Will You Tell Anyone You Used Egg, Sperm, or Embryo Donation
Telling your family and friends that you are infertile and going through the roller coaster of IVF may not be a walk in the park, but most people are fairly open with their infertility struggles. When they move to egg donation, sperm donation, or embryo donation, however, many people become a lot more private and may not even be clear why. We examined these reasons, talked about the pros and cons of telling your family about using third party reproduction, and gave suggestions for overcoming their resistance on this Creating a Family show.*
Why Not Tell
When asked, most people who are hesitant to tell their family and friends that their child was conceived with egg, sperm, or embryo donation express something along these lines:
- Afraid their family will look at or treat their child differently if they know they are not genetically related.
- Fear that grandparents will not view the child as their “real” grandchild.
- Fear that someone will say something to the child to make her feel less valuable.
- Worry that an unhealthy family dynamic, such as sibling rivalry, will raise its ugly head to play out in this area.
- Will the fact that the child is not a genetic grandchild affect inheritance?
- Assumption that family and friends will freak out at the high tech nature of it all.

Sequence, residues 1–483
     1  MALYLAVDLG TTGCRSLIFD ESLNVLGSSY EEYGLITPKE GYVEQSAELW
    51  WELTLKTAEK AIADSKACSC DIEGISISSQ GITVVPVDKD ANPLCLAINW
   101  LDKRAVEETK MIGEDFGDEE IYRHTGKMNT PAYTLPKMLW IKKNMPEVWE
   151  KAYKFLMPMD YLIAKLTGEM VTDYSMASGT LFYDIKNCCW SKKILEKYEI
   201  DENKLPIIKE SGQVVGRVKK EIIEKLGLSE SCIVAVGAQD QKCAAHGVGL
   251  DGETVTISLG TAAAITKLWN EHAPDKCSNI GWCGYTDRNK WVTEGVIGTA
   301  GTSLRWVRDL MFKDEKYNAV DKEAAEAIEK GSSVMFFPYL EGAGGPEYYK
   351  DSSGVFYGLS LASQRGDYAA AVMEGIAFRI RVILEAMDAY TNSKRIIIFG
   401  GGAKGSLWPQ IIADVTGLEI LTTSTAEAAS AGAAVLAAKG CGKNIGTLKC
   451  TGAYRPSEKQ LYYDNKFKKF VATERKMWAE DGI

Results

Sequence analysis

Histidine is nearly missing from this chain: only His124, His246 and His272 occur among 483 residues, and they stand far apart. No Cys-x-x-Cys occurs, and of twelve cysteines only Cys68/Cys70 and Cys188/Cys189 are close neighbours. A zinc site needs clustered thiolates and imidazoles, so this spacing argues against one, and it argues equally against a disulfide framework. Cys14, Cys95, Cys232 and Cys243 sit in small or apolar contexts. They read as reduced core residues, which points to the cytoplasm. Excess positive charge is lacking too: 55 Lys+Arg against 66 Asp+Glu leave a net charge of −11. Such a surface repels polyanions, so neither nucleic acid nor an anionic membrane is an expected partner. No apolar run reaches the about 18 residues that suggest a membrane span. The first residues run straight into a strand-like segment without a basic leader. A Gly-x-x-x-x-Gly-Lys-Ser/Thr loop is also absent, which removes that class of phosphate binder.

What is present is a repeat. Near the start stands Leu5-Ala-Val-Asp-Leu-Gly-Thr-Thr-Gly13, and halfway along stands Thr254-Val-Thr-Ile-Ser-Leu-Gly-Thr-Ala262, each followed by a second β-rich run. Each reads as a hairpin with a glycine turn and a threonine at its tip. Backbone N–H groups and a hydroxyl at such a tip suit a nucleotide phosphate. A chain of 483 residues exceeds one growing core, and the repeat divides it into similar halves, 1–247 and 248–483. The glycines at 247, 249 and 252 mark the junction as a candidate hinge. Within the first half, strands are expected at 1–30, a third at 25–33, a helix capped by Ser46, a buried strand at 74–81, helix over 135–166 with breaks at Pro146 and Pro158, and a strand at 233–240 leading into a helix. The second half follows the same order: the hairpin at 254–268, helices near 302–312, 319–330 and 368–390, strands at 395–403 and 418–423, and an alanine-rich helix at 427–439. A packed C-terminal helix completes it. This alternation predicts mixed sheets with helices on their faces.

- Not wanting to deal with any religious objections to using donated gametes or in vitro fertilization in general.
- It’s no one else’s damn business.
Should You Tell
Whether to tell your family and friends that you had the help of an egg or sperm donor or embryo donor in creating your precious child is a uniquely personal decision. This is “delicate” information, and not all family and friends can be trusted to handle it with sensitivity. I believe the child has a right to know this information, but your family and friends do not. Truthfully, it really is no else’s damn business.
The downside to not telling is that you’ll have to waltz around the inevitable resemblance talk (“Where in the world did she get those curls?”) or someone else will spill the beans to them and they will be hurt that you didn’t tell them. You can deflect the resemblance talk with a gently massaged version of the truth (“Hubby’s great great grandmother had some curls.”) or humor (“What can I say, the FedEx guy was really hot.”), and can face the hurt feelings if they happen with a frank discussion of why you wanted to keep this information private.
Keep in mind, however, that there is a weight to keeping a secret. It seals you off from getting support and can imply shame. It can’t hurt to carefully examine if your fears are real or a reflection of your own discomfort with egg or sperm donation.
Did you tell anyone you used egg donation, sperm donation, or embryo donation? (You can be anonymous in your comment.)
*Our guest to talk about the complexities of telling family and friends about third party reproduction was Bette Galen a licensed clinical social worker specializing in infertility who has worked at Reproductive Medicine Associates of New Jersey for 8 years and has a private practice in Montclair, NJ.
Image credit: uochi.